Gerrity said an actual proposal to designate the area as a monument has not been made public, which makes it too soon to form an opinion.
"It seems to me we owe them a fair hearing once a proposal shows up," said Gerrity, noting APF is grateful for the subsidies it receives from the federal government in the form of inexpensive fees to use public land for grazing.
Gerrity said he first heard about the "treasured landscapes" last spring and spent time in Washington, D.C., with other landowners at a meeting in which BLM Director Bob Abbey and Interior Secretary Ken Salazar discussed the idea.
He was peppered with questions by residents about the prairie reserve, including its ties with the World Wildlife Fund, a conservation organization that supports the Montana reserve. WWF has been criticized for its alleged conversations with Interior Department officials about the proposed monuments.
Martha Kauffman, Bozeman-based managing director of the Northern Great Plains Program for WWF, said the group isn't in collusion with government land managers, as some people have suggested.
When the organization heard about the treasured landscape proposal in the spring, it inquired about what it was, then offered suggestions on land in Montana it considers really important, she said.
"I think it's good for people to say what they're concerned about," she said following the meeting. "I would like to encourage people to talk with me and others rather than surmise."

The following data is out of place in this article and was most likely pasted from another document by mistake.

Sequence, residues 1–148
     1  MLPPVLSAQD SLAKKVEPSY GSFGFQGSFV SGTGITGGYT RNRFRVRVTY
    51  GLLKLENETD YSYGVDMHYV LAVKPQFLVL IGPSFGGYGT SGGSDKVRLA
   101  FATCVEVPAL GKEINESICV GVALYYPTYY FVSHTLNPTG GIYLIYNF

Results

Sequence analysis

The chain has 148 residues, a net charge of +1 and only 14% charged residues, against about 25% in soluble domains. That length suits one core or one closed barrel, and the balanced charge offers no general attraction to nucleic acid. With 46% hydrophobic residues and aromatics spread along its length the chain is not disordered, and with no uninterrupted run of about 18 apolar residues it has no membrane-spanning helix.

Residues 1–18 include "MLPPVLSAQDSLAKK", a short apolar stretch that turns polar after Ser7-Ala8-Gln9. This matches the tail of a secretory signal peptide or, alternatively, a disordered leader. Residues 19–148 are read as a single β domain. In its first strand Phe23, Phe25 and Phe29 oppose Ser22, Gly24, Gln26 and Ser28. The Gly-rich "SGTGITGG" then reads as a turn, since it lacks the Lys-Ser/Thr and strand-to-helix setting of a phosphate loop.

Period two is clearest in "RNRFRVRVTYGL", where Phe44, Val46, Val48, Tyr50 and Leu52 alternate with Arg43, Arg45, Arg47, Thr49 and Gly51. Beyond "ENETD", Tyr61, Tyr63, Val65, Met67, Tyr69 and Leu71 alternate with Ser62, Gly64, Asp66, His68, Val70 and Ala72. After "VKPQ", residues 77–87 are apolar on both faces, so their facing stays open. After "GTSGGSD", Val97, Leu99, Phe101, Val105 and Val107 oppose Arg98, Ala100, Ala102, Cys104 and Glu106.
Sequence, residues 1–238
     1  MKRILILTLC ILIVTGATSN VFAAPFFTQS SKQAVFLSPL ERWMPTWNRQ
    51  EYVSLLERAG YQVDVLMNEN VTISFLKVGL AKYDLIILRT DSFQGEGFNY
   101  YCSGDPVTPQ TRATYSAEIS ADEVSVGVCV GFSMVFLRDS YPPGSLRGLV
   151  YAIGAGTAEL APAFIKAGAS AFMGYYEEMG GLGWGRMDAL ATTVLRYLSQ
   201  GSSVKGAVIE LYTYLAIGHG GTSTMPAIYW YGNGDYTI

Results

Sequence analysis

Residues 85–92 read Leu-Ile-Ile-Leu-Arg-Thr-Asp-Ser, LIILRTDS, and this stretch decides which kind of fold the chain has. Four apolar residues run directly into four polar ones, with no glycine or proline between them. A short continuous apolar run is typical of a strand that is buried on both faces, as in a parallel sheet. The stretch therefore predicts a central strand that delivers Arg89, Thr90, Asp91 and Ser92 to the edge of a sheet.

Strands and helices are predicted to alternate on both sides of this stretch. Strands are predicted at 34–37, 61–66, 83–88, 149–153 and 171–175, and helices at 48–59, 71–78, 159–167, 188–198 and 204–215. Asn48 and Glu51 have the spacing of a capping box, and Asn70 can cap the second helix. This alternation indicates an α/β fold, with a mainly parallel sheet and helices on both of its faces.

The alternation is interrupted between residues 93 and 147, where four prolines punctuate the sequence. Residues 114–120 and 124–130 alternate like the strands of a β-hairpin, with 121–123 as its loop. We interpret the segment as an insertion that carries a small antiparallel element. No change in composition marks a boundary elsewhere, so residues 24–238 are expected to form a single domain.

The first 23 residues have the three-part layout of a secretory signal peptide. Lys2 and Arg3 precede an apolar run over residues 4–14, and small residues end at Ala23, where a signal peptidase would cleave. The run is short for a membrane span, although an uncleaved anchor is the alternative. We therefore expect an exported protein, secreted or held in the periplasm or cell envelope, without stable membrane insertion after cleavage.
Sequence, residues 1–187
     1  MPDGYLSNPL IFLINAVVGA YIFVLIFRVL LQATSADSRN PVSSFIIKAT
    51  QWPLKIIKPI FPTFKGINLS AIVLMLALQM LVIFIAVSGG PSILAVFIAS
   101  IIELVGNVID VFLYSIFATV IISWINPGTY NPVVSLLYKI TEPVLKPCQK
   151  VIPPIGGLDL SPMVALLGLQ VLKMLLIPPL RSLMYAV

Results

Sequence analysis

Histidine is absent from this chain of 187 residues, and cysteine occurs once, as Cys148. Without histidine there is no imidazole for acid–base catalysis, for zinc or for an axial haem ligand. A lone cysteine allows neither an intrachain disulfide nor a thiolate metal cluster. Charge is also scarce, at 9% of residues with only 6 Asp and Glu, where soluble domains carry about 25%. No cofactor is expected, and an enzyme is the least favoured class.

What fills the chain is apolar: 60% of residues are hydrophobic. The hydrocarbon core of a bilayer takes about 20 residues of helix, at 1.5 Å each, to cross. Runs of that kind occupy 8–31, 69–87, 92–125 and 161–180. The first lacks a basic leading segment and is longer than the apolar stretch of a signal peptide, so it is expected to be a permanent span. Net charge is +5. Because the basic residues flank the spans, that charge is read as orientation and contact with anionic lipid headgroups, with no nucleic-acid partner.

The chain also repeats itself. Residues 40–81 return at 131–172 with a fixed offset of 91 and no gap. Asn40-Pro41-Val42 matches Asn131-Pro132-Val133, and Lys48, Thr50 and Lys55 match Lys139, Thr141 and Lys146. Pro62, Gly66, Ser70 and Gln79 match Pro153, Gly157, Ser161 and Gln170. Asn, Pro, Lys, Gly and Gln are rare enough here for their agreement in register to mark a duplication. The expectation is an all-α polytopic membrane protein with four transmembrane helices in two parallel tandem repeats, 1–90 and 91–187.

Kauffman told the crowd that Western Montana has received most of the conservation focus in Montana, while the eastern part of the state is overlooked.
"We like it that way," somebody in the crowd shouted.
Interior Secretary Ken Salazar downplayed the internal memo when he appeared before the Senate Appropriations subcommittee earlier this year.
"There are no plans that we have to move forward," Salazar said, describing the memo as the result of an informal dialogue among agency employees.
But members of the panel said the details outlined in the document demonstrate that far more than just brainstorming is under way.
Phillips County Commissioner Lesley Robinson said she is worried about the loss of ranching families from the area should the government begin to purchase private land interspersed with BLM land for a monument. The county also depends heavily on natural gas development, which a monument could curtail, she said.
"The impact to Phillips County would be very large," she said.
The county invited BLM Director Abbey to Montana, and Abbey accepted. He is scheduled to speak Sept. 16 at Malta High School, Robinson said.
Robinson, expressing concern that environmental groups had a hand in the planning of the treasured landscapes, said any proposal should be locally generated.
Blaine County Commissioner Art Kleinjan said a monument might be a good idea to protect an object such as Pompey's Pillar — the famous sandstone butte signed by explorer William Clark. However, a monument designation is a farce for the vast rolling hills and rivers of northeastern Montana, which ranchers and farmers have preserved for generations, Kleinjan said.
"We kept this country the way it is, and there's no reason you need a monument to keep it beautiful," he said.